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Book Author: Eliot Pattison

BONES OF THE EARTH by Eliot Pattison: Book Review

Reading Bones of the Earth should come with a warning:  This book is dangerous to your complacency, your sense of well-being.  This is the tenth book in the Inspector Shan Tao Yun series, and it is true to the Tibetan people and their land, their struggles against the Chinese occupation and its cruelties, and the importance of the Buddhist creeds that are at the heart of the country.

Shan is an ethnic Chinese inspector who, after being imprisoned in a Chinese work camp, was relocated to Yangkar, in rural Tibet.  While working as a low-level constable there, he has become impressed and respectful of the people and their beliefs, things that he must keep hidden from his Chinese superiors.  This requires a delicate balancing act with his immediate supervisor, Colonel Tan, even though Tan himself has become more understanding of the native community around him.

As the novel opens, Shan is made to witness the execution of a Tibetan prisoner, one who was allegedly tried and convicted of corruption in the building of a huge construction project at the Five Claws Dam.  The dam is located in a mountain area sacred to the Tibetans who live there, something of no interest to the engineers on site or to the powers in Beijing.  But, as Shan learns, there have been innumerable problems connected to its construction, many with no seemingly rational explanation.

The prisoner, Metok Rentzig, had been a prisoner in the Yangkar jail until his summary arrest and execution.  A note he passed to the jail’s janitor gives the real reason for his punishment:  he knew that the deaths of an American woman, Natalie Pike, and a Chinese archaeologist, Professor Gangfen, which had been officially declared a tragic road accident, were in fact deliberate murders at the dam.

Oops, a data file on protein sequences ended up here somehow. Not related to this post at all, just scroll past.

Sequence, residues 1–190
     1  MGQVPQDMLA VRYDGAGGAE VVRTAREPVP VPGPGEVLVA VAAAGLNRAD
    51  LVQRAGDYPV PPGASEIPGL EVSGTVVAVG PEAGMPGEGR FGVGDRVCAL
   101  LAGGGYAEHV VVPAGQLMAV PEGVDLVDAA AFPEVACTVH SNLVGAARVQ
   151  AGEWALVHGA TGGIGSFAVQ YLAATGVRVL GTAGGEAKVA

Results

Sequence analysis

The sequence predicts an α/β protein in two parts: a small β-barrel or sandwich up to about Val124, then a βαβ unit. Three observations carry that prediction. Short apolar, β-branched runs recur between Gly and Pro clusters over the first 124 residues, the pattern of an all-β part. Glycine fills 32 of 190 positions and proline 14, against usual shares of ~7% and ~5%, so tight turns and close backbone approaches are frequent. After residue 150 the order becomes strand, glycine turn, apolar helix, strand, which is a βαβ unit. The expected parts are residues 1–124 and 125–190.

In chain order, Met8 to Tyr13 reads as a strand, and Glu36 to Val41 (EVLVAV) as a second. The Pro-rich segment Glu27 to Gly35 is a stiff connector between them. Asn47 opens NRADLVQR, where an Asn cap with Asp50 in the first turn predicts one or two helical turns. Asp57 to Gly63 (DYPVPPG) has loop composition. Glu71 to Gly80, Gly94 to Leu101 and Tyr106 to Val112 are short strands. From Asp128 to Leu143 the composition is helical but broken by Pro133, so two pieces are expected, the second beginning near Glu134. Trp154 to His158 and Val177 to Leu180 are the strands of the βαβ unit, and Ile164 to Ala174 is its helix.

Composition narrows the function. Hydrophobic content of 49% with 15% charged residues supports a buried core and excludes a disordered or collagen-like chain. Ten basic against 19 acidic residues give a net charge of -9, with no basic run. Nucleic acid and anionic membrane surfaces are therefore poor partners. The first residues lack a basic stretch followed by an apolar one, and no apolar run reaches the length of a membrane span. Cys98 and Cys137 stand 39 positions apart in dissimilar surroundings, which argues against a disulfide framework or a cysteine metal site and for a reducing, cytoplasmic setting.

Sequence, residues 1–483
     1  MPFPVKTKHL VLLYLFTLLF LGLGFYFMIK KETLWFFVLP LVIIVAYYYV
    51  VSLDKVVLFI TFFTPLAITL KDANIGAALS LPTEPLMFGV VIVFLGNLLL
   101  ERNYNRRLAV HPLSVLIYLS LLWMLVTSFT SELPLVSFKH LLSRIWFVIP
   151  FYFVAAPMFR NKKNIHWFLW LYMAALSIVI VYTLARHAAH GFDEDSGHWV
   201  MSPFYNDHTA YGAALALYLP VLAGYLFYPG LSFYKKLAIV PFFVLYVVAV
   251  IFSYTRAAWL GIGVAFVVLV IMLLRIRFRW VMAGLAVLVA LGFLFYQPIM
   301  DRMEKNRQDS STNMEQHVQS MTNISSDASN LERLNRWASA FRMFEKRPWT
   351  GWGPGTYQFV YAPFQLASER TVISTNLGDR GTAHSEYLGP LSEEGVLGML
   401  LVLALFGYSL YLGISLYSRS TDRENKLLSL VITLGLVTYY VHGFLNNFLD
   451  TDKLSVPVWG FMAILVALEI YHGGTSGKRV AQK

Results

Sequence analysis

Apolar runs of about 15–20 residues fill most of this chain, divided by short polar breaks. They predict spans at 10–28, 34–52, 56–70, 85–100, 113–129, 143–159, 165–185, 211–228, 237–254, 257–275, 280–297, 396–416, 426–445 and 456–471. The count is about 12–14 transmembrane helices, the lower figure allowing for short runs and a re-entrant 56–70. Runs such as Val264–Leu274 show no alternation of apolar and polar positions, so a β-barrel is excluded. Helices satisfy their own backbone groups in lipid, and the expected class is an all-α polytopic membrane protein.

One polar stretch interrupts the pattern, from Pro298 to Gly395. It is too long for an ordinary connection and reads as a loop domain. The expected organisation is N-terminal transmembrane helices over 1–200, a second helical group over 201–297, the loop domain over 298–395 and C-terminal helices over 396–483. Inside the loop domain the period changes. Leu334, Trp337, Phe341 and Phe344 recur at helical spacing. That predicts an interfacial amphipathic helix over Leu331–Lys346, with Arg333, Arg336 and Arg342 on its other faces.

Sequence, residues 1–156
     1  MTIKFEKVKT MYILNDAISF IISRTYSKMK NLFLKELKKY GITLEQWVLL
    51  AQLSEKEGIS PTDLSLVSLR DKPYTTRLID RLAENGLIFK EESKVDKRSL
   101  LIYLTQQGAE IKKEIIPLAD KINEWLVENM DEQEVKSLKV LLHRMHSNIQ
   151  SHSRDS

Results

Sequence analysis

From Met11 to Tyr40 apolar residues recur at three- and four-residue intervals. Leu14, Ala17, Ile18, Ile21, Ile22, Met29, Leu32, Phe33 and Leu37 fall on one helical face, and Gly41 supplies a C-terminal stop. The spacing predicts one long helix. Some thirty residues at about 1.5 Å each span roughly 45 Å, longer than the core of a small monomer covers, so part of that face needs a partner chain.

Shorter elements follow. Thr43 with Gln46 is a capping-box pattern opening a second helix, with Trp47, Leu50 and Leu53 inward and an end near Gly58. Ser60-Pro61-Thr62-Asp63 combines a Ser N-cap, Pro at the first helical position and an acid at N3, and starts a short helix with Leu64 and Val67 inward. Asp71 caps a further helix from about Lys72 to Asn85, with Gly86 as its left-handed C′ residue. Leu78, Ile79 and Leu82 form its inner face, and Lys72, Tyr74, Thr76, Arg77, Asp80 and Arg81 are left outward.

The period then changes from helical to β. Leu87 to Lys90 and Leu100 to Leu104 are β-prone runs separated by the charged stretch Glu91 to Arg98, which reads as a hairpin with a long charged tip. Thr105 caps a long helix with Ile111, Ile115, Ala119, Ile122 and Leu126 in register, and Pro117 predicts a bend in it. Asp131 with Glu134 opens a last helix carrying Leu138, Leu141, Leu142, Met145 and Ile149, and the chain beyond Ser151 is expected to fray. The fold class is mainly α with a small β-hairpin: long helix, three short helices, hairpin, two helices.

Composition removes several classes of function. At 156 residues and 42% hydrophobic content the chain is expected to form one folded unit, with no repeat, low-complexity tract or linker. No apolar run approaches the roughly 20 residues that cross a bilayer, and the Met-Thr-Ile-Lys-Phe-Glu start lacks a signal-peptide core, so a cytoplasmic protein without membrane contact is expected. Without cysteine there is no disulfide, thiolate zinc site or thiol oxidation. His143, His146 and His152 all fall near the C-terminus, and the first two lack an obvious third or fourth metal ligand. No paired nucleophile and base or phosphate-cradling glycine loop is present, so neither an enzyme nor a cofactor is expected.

A “lowly constable,” as he constantly is reminded by those in power, Shan has no authority to investigate Metok’s death.  But his sense of justice cannot reconcile the speed of the prisoner’s execution with the fact that there were no co-conspirators mentioned in the corruption charge, and he determines to look into the case.  It would take more than one person to be complicit in the corruption to damage a project the size of the Five Claws Dam, Shan thinks.

The director of the project, Ran Yatsen, is eager to show Shan the scope of the dam when the constable pays an unexpected, and unauthorized, visit.  Totally disregarding the Tibetan belief that the site was one of the spiritual power places on the earth, Ran brags of the massive turbines that will be built in the valley, totally submerging it.

The brutality of the Chinese occupation is in direct contrast to the religious, non-violent beliefs of the Tibetan people.  The portrayal of the Chinese work and re-education camps brings to mind similar ones during the Nazi period.  Substitute one totalitarian regime and its trust in its right to subjugate an “inferior” people for another, and you have the same tragic story.

Eliot Pattison has written the final chapter of Inspector Shan, and it is a powerful one. 

You can read more about the author at this website.

Check out the complete Marilyn’s Mystery Reads at her website.  In addition to book review posts, there are sections featuring Golden Oldies, Past Masters and Mistresses, and an About Marilyn column that features her opinions about everything to do with mystery novels.